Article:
How to cherry-pick multiple commits


I have two branches. Commit a is the head of one, while the other has b, c, d, e and f on top of a. I want to move c, d, e and f to first branch without commit b. Using cherry pick it is easy: checkout first branch cherry-pick one by one c to f and rebase second branch onto first. But is there any way to cherry-pick all c-f in one command?

Here is a visual description of the scenario (thanks JJD):

A commit showing a 'before' and 'after' state. In the 'before' state, commits a through f are connected in one contiguous sequence. In the after state, commits c through f have been relocated to directly connect to a without reordering, leaving the b commit behind.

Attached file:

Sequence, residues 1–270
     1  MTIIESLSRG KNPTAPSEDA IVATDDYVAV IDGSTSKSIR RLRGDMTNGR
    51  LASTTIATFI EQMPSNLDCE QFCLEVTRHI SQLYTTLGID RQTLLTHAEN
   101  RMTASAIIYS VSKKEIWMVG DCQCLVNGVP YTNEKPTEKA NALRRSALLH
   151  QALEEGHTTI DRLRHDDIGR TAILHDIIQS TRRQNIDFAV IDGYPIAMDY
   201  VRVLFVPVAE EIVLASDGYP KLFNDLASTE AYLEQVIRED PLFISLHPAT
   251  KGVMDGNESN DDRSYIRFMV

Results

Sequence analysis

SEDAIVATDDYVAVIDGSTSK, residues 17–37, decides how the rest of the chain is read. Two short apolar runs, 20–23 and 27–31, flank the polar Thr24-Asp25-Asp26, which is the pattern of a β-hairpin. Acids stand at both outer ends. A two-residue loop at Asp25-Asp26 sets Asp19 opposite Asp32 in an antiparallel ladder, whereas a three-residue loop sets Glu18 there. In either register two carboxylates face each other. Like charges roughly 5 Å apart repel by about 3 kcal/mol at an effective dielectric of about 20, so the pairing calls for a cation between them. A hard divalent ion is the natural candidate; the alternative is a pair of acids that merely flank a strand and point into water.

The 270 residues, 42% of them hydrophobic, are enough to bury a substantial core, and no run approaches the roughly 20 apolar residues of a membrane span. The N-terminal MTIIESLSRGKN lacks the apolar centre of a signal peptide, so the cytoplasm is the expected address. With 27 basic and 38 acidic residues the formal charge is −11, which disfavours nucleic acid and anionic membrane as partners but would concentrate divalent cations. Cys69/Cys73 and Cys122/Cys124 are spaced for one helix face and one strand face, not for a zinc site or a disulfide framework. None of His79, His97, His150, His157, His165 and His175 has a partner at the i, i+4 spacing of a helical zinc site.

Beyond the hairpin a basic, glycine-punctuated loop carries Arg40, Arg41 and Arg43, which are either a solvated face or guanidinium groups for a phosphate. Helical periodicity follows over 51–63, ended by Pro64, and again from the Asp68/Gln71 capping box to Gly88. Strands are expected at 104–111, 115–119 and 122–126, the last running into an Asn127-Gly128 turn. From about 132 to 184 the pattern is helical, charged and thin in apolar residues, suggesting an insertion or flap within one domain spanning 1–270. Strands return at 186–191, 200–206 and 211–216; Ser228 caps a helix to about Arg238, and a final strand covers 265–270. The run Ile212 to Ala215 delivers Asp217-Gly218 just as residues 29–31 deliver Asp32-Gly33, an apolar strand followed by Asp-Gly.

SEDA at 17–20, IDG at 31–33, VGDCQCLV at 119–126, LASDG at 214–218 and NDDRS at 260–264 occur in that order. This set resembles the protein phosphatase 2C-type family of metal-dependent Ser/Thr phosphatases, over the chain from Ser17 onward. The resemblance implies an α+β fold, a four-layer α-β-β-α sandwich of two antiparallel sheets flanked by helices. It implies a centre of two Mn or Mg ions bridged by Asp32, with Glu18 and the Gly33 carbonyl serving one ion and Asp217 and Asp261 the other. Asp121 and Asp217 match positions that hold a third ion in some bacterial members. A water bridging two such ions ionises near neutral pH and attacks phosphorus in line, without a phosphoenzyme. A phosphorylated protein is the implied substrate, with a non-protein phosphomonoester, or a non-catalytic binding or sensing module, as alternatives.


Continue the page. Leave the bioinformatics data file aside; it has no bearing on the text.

Git 1.7.2 introduced the ability to cherry pick a range of commits. From the release notes:

git cherry-pick learned to pick a range of commits (e.g. cherry-pick A..B and cherry-pick --stdin), so did git revert; these do not support the nicer sequencing control rebase [-i] has, though.

To cherry-pick all the commits from commit A to commit B (where A is older than B), run:

git cherry-pick A^..B

If you want to ignore A itself, run:

git cherry-pick A..B

Notes from comments:

  • A should be older than B, or A should be from another branch.
  • On Windows, it should be A^^..B as the caret needs to be escaped, or it should be "A^..B" (double quotes).
  • In zsh shell, it should be 'A^..B' (single quotes) as the caret is a special character.
  • For an exposition, see the answer by Gabriel Staples.

(Credits to damian, J. B. Rainsberger, sschaef, Neptilo, Pete and TMin in the comments.)

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